Keep to a fixed sleep schedule and ritualYou will sleep better if you go to bed at fixed times, and get up at the same time. This teaches your body a specific rhythm. Don’t deviate too much from this in the weekends by burning the midnight oil and then sleeping through a chunk of the next day. That’s why 39% don’t sleep too well on Sundays. Also ensure that you have a fixed ritual before going to bed. If you read a bit each evening, take a shower or listen to calming music for a quarter of an hour, you are sending your body signals that it’s time to go to sleep. This lets your body start producing the sleep hormone melatonin.
- Create a calm-looking bedroom
Arrange that the bedroom has an aura of peace. No multicoloured duvet covers, but plain colours that match the rest of the room well. Also ensure that your space seems bigger, by positioning the bed in the middle of it, for instance. You feel less cramped in a larger space, so you will sleep more peacefully. A plant in your room produces a fresh climate, but here too there’s a golden rule: don’t overdo it! And finally, keep your bed free of books, bottles of water and smartphones. That’s what bedside cabinets are for.
- Choose a different bed partner than your smartphone
That’s just how it is these days: where you go, your smartphone goes. But it’s not a great idea to take your phone to bed with you. It’s not only the distraction of just quickly checking your Facebook, receiving a Snapchat or sending an e-mail. It’s also about the stimulations which activate your brain. But above all the problem is the blue light of smartphones, tablets, laptops and TVs. This light inhibits the creation of the sleep hormone melatonin, so that your body actually wakes up again. So put your smartphone out of reach and out of sight well before you’re going to sleep, which also avoids any temptation.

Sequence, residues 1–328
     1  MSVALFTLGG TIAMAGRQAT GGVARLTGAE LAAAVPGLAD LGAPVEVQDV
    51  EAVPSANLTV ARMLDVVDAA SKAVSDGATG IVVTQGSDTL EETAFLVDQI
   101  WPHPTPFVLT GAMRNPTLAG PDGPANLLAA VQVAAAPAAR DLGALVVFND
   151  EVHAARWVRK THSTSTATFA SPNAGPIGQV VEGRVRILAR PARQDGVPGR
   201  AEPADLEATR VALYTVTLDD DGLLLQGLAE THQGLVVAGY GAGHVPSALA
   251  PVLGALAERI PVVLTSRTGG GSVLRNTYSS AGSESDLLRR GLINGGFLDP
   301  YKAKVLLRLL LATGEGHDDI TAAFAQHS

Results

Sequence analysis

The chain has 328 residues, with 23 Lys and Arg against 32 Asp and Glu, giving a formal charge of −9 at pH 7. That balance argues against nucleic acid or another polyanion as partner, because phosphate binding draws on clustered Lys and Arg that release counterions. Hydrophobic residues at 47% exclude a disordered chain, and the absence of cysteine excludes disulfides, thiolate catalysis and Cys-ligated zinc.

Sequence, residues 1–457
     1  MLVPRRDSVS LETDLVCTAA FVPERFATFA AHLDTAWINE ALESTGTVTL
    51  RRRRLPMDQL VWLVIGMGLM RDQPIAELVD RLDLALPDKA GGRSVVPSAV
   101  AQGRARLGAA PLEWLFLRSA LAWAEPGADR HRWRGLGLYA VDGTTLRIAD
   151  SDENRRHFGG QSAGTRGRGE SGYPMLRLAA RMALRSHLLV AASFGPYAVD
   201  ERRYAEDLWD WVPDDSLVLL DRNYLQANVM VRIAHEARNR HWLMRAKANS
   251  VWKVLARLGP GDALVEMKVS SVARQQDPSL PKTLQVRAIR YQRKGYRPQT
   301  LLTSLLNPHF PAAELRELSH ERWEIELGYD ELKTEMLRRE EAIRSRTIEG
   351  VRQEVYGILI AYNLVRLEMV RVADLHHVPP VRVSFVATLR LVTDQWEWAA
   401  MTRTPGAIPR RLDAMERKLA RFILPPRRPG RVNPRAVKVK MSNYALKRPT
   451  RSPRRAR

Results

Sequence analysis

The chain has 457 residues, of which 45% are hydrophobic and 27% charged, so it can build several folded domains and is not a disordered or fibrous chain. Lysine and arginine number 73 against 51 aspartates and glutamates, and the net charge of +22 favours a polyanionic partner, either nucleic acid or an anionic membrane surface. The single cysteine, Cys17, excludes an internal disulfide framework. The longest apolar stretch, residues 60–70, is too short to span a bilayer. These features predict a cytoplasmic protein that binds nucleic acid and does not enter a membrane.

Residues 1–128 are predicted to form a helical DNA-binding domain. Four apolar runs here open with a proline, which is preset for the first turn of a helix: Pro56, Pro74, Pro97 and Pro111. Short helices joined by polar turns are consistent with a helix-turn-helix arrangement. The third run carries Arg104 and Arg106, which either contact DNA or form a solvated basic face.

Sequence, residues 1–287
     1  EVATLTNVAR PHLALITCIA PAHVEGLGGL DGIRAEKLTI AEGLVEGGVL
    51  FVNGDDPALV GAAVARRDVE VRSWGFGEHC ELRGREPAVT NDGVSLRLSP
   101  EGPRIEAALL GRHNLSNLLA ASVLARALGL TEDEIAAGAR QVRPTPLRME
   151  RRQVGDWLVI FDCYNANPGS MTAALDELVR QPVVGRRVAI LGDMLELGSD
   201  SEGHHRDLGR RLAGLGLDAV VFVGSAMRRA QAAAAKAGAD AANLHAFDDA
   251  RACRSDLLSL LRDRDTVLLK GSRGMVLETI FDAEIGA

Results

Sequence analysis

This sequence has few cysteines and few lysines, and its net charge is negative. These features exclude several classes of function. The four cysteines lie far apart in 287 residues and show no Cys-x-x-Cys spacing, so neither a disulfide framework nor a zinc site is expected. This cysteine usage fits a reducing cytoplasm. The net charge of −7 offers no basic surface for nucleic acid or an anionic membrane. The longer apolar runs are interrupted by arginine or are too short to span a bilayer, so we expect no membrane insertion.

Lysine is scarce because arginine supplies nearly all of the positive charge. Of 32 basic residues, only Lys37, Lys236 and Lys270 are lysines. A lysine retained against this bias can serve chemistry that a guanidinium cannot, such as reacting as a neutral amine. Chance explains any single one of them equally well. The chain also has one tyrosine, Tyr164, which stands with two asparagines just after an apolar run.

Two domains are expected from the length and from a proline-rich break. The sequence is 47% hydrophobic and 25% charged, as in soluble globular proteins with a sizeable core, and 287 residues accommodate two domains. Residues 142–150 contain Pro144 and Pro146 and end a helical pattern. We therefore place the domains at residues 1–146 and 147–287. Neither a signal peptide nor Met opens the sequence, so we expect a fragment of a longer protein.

- Ensure a quiet environment
You won’t be surprised to learn that you sleep better in quiet surroundings than in noisy ones. People who live alongside a busy road or have noisy neighbours will certainly have something to say about this. If you do live in such a noisy environment, or you have a partner who cuts down entire forests in the night, then sleep with earplugs. Earplugs ensure that the irritating noises are muffled, so that you fall asleep peacefully and keep sleeping uninterrupted. Wear special, soft earplugs like the SleepSoft earplugs. These will nestle comfortably in your ear the whole night, with a muffling effect which nevertheless lets you hear your alarm clock as usual in the morning.
- Sleep in a darkened room
Darken your room as much as possible. The thicker the curtains, the better! Light hinders (here it comes again) the creation of melatonin. That’s also the reason why we are often far more active in the long summer evenings than in the dark days before Christmas. Before you go to bed, turn off some lights and brush your teeth in the dark, for instance. Here, too, you are sending your body a signal: it’s bedtime.
- Be careful what you eat and drink
Did you know that the fabled ‘nightcap’ actually achieves exactly the opposite effect? You certainly do indeed fall asleep more easily, but the quality of your sleep is much worse. Never mind how you feel the day after… And take it easy with coffee or other drinks containing caffeine and/or sugar, such as cokes or energy drinks. Caffeine in particular can take hours to dissipate. Very greasy meals or spicy dishes eaten too late can also mean that your stomach has to work a night shift. This keeps your body active, and you don’t fall asleep. And by the way, that cup of warm milk really does work! Milk contains tryptophan, which gives your body the right materials for creating melatonin.
Which of these tips do you already use?